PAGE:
Software That Thinks
Artificial intelligence is moving out of the lab and into the office. Several programs now track customers' buying habits to predict market trends
For Plow & Hearth, a $30-million catalog company that sells yard and garden wares, traditional marketing strategies just weren't working. John Popowski, the marketing manager until 1995, and Pete Rice, the circulation manager, tried the recency, frequency, and monetary (RFM) method, which classifies people according to the date of their most recent purchase, the frequency with which they buy, and the amount they usually spend. They'd jam customers into categories, in an attempt to determine which ones would prove most valuable. But too often those categories were completely random. Rice recalls sessions in which a few managers would sit down and say, "OK. Let's divide the monetary categories into ranges of $20." "The whole process of trying to determine which customers were valuable was so arbitrary," he says.
At the time many of Plow & Hearth's bigger competitors were using models built by statisticians to predict consumer spending. But that alternative was cost-prohibitive to a small company. Even hiring statisticians part-time was out of the question. So when Popowski got a call from Advanced Software Applications (ASA) asking if he wanted his company to be a beta test site for a new product that used artificial intelligence to track buying trends, he jumped at the chance. Soon he was predicting customer behavior down to the smallest purchase.
Artificial intelligence-- neural networks, or neural nets in the jargon--can be glamorous. These computer applications were designed to approach problems the way the human brain does: by trying to recognize the patterns that underlie a complex set of data. Neural nets, like people, can be "trained." They start off with wild guesses, but over time they learn to refine their guesswork until they can pick out even the most subtle patterns--in much the same way that you pick out the face of an old friend at a high school reunion. The technology's power lies in its ability to analyze nearly endless combinations of variables very quickly--more quickly, some say, and with greater accuracy than traditional statistical models.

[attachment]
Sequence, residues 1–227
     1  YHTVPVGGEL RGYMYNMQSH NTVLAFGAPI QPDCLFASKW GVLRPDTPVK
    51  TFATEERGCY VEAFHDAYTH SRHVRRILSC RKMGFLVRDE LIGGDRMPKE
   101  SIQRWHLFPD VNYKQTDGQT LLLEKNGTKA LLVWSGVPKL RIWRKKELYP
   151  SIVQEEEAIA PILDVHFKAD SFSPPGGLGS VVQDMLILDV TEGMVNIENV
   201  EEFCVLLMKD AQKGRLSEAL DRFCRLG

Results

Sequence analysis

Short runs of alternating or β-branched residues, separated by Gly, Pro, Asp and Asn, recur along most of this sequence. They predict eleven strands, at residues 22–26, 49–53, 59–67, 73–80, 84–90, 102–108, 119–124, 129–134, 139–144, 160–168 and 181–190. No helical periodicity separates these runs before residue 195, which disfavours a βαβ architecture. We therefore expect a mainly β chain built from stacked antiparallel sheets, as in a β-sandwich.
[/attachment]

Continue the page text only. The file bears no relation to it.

Law-enforcement agencies use neural nets to pick out patterns in travel data (one-day trips to the Cayman Islands on the first of each month, for example), hoping to pinpoint likely drug dealers. Some hospitals are using them to determine a patient's likelihood of contracting cancer or other diseases. But they are also making their way into marketing and other business arenas. According to Bob Barrie of Global Management Technologies, a small software-development and consulting firm in Atlanta, neural nets work particularly well when it comes to analyzing down-to-the-minute trends. Barrie, whose clients include Walt Disney and several large banks, uses a neural net from BioComp Systems to figure out staffing needs based on customer traffic--a task that requires precision analysis, down to the half hour. Increasingly, even businesses a fraction of the size of many of Barrie's clients are firing up neural nets to help them navigate ever-thicker forests of data and make sense of myriad customer traits and buying habits.
Brain in a Box
Plow & Hearth is a case in point. Based in Madison, Va., today the 80-employee company is definitely on the cutting edge of marketing research. But when it started using ASA's ModelMAX, nearly three years ago, most catalog companies three times its size didn't even know the technology existed.
Unlike some neural-net products, which have to be built up by trained programmers to run useful models, ModelMAX is a polished, ready-to-use marketing tool with a simple Windows interface. Users don't have to know how neural nets work (ModelMAX's $25,000 price tag reflects the product's simplicity); they just have to know how their company works and have access to its information on purchasing behavior. Each time Pete Rice decides to do a catalog mailing, for example, he pulls up the information about customers and their buying habits gathered from previous mailings and purchases. He enters all the key variables, for example, the time of year the customer made his or her first purchase, where (by zip code) the customer lives, and which products the customer buys most often. ModelMAX works through the information to determine which combinations of customer characteristics are most important in predicting customer value. Rice has learned, for instance, that customers whose first purchase is clothing tend to stay customers. That fact was surprising, given that Plow & Hearth sells clothes only as a peripheral product. The information has been extremely helpful in targeting which customers to pursue aggressively.